Homalco leaders envision BRIGHT future
by Patricia McDougall
The energy was dynamic and positive at Homalco (Xwemalhkwu) First Nation in early January when the new chief and councillors laid out plans for the next three years.
The visioning workshop focused on setting priorities for the nation over the next three years. As the two-day session ended, this vision statement was created: “The Homalco chief and council work together with respect, trust, consistency and open communication to empower a united, culturally-grounded, proud, wealthy and healthy nation.”
Potential priorities for the coming year included governance policy and procedures, a housing strategy, youth council as well as healing and wellness plans.
Councillor Darren Blaney said, “Healing must come first”. This comment led to an avid discussion on healing within the community, including members, staff and council. Areas of focus are organizing traditional ceremonies and workshops including sweat lodges, pipe ceremonies and culture camps.
Key elements of the visioning session included confirming roles and responsibilities, agreeing on a collective vision, creating a draft work plan, developing principles for working together, outlining objectives for the term and building the team.
New Chief Maryann Enevoldsen expressed her gratitude to the Naut’sa mawt Tribal Council (NmTC) for facilitating the forum at which council could bridge and build relationships while bringing them closer together as a team.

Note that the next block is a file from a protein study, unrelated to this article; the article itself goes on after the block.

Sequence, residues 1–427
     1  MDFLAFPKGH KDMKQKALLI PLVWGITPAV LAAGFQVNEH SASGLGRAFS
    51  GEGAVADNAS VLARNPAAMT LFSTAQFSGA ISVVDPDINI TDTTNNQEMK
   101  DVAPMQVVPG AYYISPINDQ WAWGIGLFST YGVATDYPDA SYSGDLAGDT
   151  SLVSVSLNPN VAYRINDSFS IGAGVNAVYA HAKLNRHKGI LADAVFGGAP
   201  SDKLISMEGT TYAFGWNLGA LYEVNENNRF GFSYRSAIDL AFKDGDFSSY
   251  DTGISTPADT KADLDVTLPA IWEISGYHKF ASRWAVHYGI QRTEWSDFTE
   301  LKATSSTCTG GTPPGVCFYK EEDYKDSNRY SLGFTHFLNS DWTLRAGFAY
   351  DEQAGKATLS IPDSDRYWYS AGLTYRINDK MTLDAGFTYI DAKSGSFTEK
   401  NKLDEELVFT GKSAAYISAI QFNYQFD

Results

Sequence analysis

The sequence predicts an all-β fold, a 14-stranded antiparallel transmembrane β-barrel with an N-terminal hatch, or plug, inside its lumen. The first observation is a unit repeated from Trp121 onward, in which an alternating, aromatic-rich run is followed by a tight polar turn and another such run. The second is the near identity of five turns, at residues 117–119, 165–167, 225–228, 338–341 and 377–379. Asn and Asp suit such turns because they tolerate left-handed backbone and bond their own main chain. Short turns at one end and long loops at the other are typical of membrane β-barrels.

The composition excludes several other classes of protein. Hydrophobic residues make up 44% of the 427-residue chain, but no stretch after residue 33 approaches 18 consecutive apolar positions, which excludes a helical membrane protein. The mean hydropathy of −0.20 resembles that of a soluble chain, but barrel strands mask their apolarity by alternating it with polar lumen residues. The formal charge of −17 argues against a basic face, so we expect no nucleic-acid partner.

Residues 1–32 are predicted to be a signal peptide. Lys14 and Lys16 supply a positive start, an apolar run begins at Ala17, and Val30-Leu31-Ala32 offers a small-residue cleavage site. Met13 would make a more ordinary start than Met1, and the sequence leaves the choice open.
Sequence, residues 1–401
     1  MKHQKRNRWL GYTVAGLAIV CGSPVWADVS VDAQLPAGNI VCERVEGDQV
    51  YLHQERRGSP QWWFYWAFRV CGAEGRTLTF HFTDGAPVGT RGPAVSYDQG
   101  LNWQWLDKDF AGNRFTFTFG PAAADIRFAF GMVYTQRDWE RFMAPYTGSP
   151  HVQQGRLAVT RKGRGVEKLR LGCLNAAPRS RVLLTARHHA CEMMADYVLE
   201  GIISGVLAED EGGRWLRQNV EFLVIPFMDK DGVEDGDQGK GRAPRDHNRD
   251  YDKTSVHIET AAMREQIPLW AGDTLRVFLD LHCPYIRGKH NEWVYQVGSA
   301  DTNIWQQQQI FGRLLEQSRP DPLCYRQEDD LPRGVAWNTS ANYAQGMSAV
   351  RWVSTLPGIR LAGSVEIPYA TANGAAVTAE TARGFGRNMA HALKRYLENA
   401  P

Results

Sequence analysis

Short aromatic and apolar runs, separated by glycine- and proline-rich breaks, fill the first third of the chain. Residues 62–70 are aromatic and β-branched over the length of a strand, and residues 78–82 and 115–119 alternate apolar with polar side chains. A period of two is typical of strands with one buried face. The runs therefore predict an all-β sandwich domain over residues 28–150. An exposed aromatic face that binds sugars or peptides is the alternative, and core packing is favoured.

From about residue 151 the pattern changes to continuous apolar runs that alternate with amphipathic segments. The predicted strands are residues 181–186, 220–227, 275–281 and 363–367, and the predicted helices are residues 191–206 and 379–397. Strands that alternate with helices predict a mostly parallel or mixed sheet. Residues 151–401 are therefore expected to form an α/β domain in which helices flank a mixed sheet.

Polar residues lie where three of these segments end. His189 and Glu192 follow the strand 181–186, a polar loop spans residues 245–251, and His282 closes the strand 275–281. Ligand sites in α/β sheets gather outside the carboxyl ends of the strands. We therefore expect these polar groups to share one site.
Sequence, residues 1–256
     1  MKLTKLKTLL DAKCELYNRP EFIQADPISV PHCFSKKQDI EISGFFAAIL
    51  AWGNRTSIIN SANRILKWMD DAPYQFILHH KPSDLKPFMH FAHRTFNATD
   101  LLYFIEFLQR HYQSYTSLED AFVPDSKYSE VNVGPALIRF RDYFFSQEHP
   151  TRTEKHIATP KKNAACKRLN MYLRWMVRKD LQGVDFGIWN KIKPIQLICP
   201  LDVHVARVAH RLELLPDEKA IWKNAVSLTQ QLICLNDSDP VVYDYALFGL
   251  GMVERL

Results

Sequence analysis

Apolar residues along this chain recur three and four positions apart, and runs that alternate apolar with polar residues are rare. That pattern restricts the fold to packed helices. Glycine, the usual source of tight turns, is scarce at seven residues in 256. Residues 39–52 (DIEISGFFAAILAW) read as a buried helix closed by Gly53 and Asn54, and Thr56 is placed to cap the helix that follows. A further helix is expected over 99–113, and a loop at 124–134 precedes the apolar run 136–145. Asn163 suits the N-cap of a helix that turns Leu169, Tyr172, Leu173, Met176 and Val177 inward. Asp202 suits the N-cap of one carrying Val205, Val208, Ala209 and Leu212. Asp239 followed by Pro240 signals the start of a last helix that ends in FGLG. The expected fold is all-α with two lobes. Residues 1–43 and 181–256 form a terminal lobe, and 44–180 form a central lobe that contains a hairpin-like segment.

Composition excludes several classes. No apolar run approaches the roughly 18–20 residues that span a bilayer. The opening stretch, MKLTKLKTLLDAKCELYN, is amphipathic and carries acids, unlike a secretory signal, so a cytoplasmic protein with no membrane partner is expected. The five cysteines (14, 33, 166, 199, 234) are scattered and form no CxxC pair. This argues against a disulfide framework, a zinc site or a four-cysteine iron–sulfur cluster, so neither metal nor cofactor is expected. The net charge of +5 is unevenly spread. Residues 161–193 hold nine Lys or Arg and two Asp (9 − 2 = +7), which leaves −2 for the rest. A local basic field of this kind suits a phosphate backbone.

Maryann was clear in her vision of transparency and wants membership to know what is unfolding during council’s first session together. “The more information our nation has, the more united we will be,” she said. The chief added that this was the first time that the full council had come together since the November election.
She said the workshop enabled council to come together as a team while having respect and personal connection throughout the discussions. “It has shown how much we really have in common and how we can move forward,” she said.
Traditional teachings were a big part of Maryann’s early years and she said that she wants to reintroduce culture back into the community…“How our ancestors taught us about our culture and beliefs.” Along with those teachings and beliefs, traditional healing and revitalization of culture are priorities for chief and council to initiate for the benefit of the entire community.
Other objectives during the three-year term are one-year and three-year plans that include a constitution, bylaws, capacity building and a youth council.
It is also important to note the principles for leadership Homalco chief and council adopted. Respect, trust, transparency, community-focus, policies and procedures, accountability and teamwork round out the top priorities.
NmTC staff and project managers—Valerie Cross-Blackett, Bronwen Geddes and Eric Blueschke—facilitated the event along with Jessie Hemphill who is the community-planning mentor and peer-to-peer coach for Aboriginal Affairs and Northern Development Canada.